Sunday, April 20, 2008

Why an American "Top Gear" will fail

I'm a fan of Top Gear, a British car show presented by Jeremy Clarkson, Richard Hammond, and James May. I haven't mentioned the show that often, it's only appeared once on this blog in a post covering Wikipedia's lack of accuracy. I love the show for several reasons, some being that I like fast cars, even if I'll probably never buy one. I love the antics of the Top Gear presenters as they take on wild tasks such as crossing Africa on used cars, or being the first people to drive to the magnetic north pole. So you'd think that I'd be thrilled that NBC is looking to bring Top Gear to the US. No, I'm not. In fact, the program will fail.

There are a couple of clarifications to be made here. Top Gear has been in the US before, both on the Speed Channel, and on BBC America. However these appearances have been pale copies of the original show as Top Gear runs a full hour on the BBC, an impossible time slot to fill on US networks with commercial breaks. Both Jeremy Clarkson and Andy Wilman, the executive producer of Top Gear, seem to be aware that many of their US fans get the show through Bit-torrent, which is being honest here, how I wind up watching it.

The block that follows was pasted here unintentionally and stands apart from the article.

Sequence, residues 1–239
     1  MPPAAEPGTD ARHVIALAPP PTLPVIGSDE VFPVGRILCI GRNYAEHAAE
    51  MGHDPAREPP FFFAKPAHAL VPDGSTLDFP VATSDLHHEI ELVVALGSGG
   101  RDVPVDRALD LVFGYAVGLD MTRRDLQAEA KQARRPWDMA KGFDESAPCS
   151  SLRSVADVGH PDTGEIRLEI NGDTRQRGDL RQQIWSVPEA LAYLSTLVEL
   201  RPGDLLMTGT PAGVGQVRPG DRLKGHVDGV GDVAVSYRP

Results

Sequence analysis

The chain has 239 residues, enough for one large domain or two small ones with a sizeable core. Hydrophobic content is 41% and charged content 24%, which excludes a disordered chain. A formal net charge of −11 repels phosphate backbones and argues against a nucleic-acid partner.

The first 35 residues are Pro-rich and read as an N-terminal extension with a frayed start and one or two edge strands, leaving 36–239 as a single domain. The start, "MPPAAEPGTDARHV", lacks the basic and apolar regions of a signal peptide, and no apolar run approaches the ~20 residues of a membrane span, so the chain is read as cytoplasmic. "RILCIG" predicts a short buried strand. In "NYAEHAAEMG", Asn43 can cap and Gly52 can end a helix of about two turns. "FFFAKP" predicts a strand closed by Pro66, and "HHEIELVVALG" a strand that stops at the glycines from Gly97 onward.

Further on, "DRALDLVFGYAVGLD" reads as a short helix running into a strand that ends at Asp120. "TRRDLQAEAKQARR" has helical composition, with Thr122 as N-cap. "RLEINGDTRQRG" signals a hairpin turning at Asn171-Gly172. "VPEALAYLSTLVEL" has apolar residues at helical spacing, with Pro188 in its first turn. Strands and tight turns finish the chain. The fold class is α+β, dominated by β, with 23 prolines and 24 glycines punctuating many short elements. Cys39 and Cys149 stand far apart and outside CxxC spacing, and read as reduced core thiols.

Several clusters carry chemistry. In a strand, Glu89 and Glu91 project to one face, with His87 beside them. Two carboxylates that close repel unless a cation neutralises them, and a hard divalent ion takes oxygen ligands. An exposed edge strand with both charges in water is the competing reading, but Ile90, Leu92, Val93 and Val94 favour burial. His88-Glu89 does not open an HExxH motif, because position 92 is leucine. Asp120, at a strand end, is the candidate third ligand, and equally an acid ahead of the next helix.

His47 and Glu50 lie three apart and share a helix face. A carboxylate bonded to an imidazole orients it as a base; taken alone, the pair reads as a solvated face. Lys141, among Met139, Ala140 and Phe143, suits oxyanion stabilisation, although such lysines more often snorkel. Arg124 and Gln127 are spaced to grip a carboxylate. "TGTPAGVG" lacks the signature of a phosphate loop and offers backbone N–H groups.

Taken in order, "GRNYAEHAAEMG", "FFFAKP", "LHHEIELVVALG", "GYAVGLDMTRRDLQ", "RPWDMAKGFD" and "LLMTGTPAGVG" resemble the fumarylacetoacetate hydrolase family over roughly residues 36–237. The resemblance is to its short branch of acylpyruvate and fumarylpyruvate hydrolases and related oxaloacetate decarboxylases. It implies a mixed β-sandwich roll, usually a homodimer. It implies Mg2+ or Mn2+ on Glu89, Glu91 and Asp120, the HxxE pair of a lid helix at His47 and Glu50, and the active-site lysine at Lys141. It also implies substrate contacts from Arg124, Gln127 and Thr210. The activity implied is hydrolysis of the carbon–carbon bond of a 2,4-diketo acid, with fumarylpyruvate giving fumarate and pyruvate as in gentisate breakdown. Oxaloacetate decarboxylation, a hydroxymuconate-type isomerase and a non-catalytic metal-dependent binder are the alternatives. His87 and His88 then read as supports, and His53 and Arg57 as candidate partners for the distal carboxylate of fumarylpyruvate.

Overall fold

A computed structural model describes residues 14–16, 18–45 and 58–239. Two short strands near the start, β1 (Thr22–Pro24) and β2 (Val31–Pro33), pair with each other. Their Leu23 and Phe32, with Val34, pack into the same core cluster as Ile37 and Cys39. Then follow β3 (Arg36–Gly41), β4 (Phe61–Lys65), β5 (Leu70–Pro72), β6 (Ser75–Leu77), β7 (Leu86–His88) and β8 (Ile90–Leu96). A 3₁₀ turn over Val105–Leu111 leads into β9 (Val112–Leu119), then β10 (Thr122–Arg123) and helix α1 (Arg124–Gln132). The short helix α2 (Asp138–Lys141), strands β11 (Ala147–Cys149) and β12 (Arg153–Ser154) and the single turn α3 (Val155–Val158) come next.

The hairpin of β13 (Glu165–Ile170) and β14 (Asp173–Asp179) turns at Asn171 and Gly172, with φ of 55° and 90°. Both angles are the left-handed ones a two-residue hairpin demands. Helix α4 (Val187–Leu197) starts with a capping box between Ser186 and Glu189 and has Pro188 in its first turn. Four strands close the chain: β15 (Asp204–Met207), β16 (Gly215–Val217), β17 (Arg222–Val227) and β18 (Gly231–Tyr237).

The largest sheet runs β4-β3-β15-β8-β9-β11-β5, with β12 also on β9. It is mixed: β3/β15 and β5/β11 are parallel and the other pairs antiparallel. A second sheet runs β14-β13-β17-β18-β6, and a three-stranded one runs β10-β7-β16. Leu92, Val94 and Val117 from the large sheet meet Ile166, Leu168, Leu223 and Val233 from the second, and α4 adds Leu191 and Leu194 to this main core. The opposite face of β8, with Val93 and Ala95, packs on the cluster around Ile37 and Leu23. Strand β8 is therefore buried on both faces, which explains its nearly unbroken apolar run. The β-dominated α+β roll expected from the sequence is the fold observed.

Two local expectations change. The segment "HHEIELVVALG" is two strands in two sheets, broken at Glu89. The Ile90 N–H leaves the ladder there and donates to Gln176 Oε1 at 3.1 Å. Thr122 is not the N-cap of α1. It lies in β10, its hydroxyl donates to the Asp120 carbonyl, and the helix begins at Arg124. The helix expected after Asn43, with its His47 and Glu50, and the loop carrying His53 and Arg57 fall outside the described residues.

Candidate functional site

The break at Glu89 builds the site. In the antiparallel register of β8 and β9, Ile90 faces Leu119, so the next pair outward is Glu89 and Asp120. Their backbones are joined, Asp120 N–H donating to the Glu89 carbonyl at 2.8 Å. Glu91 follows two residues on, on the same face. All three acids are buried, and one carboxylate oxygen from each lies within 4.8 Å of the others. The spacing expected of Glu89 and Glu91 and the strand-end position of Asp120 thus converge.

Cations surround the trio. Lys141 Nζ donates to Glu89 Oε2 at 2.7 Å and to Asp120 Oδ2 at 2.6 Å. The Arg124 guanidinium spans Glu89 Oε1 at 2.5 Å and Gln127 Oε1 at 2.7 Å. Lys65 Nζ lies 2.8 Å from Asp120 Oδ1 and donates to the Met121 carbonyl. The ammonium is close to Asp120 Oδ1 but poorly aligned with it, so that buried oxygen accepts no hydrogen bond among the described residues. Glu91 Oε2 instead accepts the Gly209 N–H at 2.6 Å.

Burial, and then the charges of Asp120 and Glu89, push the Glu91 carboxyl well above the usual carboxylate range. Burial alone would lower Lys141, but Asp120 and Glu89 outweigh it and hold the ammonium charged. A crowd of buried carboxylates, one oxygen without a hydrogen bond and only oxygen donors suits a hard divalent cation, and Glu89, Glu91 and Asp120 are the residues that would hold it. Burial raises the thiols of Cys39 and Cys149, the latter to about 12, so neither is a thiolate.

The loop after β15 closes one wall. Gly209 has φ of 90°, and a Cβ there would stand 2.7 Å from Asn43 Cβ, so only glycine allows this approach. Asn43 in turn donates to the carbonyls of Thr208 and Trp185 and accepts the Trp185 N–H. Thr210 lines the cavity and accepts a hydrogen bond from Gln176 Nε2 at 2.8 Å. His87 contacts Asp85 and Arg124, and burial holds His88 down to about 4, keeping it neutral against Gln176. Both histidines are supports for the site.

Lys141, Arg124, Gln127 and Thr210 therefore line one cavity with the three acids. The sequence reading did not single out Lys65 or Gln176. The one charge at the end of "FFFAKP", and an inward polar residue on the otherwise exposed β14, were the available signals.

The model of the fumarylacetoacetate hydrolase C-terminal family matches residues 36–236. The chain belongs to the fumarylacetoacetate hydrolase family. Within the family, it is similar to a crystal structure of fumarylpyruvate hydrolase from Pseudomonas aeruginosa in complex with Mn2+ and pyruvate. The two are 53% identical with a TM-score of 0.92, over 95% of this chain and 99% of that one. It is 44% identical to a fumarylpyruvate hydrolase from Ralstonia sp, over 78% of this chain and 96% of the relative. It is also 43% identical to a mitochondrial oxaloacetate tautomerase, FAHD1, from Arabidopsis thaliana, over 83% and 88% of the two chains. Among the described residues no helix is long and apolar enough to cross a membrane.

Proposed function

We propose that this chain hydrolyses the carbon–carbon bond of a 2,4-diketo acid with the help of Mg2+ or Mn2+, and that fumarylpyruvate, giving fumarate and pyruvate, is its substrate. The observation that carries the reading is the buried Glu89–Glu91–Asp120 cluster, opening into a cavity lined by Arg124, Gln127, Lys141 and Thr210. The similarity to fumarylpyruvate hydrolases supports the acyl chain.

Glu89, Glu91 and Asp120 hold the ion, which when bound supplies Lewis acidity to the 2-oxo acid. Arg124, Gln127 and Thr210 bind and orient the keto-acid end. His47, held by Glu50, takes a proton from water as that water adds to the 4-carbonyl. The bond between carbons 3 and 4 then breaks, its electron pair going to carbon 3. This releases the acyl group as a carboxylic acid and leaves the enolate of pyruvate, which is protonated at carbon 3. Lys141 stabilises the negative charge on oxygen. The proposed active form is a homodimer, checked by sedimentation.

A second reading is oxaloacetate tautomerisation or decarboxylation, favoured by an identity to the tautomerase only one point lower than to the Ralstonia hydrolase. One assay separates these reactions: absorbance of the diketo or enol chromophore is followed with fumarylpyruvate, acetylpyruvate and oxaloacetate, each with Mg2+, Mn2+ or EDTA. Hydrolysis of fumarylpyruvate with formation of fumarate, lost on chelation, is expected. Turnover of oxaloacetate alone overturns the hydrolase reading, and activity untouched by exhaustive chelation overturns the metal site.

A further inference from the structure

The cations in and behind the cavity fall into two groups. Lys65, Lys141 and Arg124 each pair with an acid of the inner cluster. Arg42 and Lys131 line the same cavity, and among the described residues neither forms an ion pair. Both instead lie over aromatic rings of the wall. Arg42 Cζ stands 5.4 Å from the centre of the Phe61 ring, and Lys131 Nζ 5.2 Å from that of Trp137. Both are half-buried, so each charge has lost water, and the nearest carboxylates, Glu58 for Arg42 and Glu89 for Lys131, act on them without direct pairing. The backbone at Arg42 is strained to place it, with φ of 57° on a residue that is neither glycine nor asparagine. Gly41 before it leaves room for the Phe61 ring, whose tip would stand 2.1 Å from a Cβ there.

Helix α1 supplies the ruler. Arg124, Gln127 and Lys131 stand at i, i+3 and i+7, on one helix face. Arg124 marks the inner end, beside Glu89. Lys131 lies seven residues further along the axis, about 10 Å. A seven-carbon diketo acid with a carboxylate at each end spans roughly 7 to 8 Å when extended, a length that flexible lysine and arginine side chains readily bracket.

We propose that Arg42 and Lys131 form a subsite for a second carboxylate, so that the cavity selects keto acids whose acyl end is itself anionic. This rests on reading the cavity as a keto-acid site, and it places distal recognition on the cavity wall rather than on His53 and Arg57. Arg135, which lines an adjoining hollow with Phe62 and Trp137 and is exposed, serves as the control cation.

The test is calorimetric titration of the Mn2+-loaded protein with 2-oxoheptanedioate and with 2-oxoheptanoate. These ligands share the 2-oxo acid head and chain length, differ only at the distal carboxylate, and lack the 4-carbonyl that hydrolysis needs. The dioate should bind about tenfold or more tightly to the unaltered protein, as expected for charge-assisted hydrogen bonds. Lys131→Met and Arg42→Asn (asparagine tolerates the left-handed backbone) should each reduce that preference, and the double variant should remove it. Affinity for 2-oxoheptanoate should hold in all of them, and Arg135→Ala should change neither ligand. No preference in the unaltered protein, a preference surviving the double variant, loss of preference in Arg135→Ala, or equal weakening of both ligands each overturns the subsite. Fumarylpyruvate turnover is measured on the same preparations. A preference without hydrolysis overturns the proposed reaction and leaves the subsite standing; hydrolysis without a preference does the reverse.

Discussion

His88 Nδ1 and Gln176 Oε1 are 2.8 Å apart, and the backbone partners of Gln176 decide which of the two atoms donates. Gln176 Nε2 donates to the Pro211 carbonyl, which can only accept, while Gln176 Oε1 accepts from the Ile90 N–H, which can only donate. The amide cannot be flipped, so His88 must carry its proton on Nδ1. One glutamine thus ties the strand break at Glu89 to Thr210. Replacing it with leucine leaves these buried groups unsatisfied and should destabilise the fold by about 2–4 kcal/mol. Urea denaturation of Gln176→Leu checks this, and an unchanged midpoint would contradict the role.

Other factors to be aware of is that the planned NBC show won't be Top Gear. As of now, it will simply be called Gear. The NBC show also will not be starring the Top Gear presenters. Instead the show will be staffed by American hosts such as Adam Carolla and Tanner Foust.